Dyskinesias are abnormal, involuntary flowing movements that likely result from an inappropriate response to levodopa administration. They are felt to occur when the postsynaptic dopamine receptors are downregulated over time, resulting in an abnormal postsynaptic response. Dyskinesias, as a side effect of long-term use of levodopa, are observed in the majority of patients with Parkinson’s disease who have been treated for 5–10 years. Dyskinesias are typically related to peak levodopa plasma levels or to a relative change in the plasma levodopa level. Rarely, they can also be seen as a wearing-off phenomenon. As the disease progresses, the dose required for symptomatic control approaches that which induces intolerable dyskinesias, thus narrowing the therapeutic window and limiting medical therapy.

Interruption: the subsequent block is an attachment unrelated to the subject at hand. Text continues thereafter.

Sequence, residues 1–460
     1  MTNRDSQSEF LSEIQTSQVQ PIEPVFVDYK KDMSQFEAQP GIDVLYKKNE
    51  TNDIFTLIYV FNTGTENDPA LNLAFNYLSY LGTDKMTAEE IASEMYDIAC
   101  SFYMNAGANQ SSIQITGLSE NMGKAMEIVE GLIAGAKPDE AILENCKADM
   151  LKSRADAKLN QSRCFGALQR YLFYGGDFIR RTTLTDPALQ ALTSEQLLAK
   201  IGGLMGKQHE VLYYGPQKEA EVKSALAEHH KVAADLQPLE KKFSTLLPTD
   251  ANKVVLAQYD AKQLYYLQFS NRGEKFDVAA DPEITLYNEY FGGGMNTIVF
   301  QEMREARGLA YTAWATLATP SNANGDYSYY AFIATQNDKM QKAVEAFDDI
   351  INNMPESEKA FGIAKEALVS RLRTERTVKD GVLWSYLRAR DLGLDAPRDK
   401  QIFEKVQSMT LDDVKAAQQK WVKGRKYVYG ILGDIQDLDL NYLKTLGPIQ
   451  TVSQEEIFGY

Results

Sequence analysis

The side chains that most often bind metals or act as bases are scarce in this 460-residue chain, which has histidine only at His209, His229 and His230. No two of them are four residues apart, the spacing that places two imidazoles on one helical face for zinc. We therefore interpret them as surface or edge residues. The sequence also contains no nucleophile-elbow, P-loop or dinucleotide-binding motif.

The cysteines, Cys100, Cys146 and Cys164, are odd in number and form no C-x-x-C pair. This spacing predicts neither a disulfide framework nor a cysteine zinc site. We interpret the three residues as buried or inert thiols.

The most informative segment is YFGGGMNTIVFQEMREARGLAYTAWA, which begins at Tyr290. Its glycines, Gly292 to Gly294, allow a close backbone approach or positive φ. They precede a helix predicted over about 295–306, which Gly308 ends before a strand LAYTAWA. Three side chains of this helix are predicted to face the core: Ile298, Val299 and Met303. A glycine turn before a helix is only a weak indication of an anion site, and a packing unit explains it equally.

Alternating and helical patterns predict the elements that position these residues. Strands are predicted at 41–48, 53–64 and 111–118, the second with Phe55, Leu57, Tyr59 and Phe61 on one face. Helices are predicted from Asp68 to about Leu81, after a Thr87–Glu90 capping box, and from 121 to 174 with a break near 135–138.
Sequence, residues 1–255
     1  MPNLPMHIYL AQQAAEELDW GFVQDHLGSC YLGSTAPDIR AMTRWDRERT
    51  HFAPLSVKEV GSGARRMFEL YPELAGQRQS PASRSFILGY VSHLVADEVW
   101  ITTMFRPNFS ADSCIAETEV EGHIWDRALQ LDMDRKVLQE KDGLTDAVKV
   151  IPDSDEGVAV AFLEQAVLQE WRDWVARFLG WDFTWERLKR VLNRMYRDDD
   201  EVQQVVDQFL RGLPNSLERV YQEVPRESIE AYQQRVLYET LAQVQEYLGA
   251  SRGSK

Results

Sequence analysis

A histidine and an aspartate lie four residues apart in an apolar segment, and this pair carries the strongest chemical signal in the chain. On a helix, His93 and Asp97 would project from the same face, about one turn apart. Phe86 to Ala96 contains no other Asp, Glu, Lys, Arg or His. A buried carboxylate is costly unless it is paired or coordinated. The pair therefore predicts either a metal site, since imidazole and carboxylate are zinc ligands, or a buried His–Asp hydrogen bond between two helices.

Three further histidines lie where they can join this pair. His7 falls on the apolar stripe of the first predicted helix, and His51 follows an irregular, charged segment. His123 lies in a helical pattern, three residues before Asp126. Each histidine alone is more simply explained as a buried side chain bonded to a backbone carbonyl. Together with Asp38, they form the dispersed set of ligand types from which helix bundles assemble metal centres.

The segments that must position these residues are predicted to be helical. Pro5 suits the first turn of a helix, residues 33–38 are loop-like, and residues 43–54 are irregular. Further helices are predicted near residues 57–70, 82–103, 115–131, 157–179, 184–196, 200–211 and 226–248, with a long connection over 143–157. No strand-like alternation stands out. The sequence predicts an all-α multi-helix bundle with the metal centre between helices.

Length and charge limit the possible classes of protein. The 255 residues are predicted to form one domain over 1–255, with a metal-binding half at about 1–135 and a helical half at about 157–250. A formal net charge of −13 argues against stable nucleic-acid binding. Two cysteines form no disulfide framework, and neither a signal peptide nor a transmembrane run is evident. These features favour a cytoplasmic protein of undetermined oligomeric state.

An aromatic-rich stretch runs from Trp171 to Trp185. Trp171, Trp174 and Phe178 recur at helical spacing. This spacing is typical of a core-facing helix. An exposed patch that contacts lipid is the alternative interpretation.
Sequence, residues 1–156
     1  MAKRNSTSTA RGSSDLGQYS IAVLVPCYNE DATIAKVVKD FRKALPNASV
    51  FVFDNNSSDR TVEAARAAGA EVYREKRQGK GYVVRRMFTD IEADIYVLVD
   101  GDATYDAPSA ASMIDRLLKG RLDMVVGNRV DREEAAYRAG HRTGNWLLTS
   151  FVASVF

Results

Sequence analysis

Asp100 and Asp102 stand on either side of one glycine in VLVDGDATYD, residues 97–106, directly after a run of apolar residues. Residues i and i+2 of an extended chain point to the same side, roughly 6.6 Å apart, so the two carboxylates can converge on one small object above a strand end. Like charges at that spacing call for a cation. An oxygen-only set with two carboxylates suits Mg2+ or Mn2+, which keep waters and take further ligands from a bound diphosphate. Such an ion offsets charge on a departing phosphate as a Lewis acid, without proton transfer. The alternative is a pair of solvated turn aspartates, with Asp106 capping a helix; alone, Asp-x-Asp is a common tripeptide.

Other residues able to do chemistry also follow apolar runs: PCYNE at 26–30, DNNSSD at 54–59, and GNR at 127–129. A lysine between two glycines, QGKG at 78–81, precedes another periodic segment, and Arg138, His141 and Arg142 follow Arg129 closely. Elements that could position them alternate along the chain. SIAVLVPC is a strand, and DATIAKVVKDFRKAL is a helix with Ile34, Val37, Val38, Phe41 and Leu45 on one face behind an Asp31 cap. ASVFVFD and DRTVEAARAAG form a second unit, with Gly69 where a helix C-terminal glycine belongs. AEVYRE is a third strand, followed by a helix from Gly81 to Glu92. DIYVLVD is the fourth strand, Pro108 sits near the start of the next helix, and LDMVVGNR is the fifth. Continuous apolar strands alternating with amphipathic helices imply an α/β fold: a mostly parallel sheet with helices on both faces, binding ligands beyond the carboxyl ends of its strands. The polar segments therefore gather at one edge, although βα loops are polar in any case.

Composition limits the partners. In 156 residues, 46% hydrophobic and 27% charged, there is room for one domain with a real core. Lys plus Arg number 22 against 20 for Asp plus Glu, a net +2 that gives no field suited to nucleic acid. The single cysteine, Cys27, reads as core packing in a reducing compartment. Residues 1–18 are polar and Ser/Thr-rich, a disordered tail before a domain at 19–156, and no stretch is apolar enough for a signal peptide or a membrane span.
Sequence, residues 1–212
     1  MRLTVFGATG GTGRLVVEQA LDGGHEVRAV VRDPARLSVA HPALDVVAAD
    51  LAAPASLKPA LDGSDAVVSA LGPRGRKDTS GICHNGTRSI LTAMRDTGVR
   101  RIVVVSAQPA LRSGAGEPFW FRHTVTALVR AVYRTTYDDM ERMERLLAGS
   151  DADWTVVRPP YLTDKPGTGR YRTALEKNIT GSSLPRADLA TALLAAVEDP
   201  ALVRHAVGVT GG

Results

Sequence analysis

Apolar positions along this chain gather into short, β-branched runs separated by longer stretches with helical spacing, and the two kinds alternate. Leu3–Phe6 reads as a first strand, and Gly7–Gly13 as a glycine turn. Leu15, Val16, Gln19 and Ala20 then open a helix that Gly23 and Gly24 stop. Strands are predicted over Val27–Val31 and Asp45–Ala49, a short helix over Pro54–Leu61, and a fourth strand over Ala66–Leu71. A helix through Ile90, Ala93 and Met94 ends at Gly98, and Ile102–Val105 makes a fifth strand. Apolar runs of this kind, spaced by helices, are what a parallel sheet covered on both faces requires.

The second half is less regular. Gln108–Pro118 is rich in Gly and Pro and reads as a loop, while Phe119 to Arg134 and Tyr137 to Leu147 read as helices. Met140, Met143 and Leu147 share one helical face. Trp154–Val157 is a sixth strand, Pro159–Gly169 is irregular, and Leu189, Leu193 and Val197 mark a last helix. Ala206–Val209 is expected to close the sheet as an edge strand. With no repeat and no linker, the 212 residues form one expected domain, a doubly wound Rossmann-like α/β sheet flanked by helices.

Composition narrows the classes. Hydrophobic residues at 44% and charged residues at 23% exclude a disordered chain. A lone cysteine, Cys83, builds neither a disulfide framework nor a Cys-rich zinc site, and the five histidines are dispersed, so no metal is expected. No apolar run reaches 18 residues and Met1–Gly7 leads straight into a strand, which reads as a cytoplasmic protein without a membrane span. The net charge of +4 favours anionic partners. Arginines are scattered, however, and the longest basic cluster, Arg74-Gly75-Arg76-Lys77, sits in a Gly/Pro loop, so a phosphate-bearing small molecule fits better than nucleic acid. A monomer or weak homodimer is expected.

References and Readings
- Pahwa, R., & Lyons, K. E. (2007). Handbook of Parkinson’s disease (4th ed.). New York: Informa Healthcare USA.Google Scholar